Educating the Heart
Over the Mind
Have you ever known anyone who was
really smart, but really mean?
Were there kids in your school who
always let you know when they had finished their math test and you hadn't . . .
or got an "A" when you got a "C" . . . or ridiculed you on the playground?
Have you been reading about
scientists who are arrogant beyond belief in their self-centered approach to
ethical concerns the rest of us may have about research on human embryos,
cloning and the like? We think they're heartless, and they think we're stupid?
That's why we have character
education, at home and at school. It won't do us much good to make people smart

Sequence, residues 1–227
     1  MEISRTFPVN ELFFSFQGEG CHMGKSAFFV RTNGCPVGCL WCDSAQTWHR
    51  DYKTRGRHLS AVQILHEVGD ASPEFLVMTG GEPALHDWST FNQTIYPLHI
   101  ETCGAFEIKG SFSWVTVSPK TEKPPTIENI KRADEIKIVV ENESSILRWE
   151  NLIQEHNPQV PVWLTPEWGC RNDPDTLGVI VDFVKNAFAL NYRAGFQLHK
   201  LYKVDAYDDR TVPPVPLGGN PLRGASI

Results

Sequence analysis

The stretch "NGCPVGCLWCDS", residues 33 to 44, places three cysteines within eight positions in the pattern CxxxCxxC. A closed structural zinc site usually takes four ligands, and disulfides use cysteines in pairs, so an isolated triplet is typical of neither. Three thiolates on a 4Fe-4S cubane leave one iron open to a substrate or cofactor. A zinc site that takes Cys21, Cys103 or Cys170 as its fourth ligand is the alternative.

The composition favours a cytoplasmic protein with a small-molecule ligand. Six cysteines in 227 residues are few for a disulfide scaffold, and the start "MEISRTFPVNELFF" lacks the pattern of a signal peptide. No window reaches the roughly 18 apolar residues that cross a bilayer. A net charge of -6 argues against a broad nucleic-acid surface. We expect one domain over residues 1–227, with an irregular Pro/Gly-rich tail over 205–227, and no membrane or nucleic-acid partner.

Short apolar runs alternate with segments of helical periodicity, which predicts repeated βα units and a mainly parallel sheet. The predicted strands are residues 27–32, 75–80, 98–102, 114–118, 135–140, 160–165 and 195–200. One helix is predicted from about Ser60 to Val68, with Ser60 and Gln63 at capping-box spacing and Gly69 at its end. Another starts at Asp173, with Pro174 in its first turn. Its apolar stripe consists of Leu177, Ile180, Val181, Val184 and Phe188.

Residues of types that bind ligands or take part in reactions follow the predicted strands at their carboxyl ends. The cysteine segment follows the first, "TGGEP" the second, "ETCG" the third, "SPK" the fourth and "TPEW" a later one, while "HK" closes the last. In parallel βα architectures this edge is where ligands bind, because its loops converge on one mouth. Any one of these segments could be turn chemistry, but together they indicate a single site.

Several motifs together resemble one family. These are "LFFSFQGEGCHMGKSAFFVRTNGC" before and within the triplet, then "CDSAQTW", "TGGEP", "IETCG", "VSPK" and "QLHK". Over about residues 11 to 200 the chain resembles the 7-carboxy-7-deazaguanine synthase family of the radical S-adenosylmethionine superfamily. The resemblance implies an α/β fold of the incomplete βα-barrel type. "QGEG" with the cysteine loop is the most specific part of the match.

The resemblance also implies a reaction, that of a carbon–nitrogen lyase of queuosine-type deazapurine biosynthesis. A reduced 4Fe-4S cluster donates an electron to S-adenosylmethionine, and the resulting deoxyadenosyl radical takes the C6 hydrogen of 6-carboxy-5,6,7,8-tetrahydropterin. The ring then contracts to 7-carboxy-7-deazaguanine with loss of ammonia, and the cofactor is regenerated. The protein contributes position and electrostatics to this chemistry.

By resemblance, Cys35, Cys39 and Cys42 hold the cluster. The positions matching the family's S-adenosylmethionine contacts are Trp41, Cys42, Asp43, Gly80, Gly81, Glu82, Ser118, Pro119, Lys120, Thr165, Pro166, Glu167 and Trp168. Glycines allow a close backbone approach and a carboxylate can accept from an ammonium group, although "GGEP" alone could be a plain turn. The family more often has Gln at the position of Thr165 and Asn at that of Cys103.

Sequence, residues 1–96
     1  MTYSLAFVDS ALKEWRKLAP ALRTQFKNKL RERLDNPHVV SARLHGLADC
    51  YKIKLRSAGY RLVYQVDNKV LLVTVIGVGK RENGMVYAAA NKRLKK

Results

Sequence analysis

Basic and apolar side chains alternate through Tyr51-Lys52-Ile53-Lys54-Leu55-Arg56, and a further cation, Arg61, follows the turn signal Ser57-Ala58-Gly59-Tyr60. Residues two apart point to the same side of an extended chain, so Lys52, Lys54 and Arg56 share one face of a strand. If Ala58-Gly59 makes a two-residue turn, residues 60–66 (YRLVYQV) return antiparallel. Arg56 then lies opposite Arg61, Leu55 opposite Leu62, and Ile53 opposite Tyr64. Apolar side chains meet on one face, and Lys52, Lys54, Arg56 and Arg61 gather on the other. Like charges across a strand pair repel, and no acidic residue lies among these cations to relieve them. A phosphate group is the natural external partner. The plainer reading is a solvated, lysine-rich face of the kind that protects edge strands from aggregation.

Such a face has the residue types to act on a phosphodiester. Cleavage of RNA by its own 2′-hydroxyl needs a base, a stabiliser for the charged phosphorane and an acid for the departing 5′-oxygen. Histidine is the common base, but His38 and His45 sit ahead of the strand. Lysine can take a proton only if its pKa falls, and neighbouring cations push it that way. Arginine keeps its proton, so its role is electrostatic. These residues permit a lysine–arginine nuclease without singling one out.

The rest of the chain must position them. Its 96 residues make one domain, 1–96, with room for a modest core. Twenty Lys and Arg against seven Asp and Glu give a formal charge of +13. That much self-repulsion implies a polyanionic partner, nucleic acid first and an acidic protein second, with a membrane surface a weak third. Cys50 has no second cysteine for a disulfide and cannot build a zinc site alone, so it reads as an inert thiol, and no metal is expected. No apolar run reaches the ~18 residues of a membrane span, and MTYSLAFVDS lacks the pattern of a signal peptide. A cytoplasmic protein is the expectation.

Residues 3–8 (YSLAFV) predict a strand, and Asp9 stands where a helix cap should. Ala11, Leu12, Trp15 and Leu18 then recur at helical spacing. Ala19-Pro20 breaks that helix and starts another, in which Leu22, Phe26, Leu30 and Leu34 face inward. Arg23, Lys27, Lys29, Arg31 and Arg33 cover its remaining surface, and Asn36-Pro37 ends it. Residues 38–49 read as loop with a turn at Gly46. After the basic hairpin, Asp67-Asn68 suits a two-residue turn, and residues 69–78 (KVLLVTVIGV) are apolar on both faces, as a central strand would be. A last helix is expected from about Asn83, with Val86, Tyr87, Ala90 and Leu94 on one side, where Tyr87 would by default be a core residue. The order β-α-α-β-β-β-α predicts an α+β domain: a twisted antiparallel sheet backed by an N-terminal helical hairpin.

and highly-skilled if they're impossible to work with, live with, or even like.
What good is it to be smart if you're dishonest, greedy, immoral and uncaring?
That's not saying that training in
handling emotions and feelings are the job of school more than delivering academics;
of course, they aren't. But if someone's heart is not in the right place, it
doesn't matter where the brain may land that person among standardized test
scores. So it's the job of both home and school to educate the heart as well as
This has been a fact of life, and a
challenge to teachers, throughout human history. One of America's first
teachers said it very well in establishing that character education is even
more important than the 3 R's:
virtues of men are of more consequence to society than their abilities;
this reason, the heart should be cultivated with more assiduity* than the head.
-- Noah Webster, On the Education
of Youth in America, 1788
assuiduity: diligent effort
By Susan Darst Williams • www.GoBigEd.com • Heart Lessons
042 • © 2007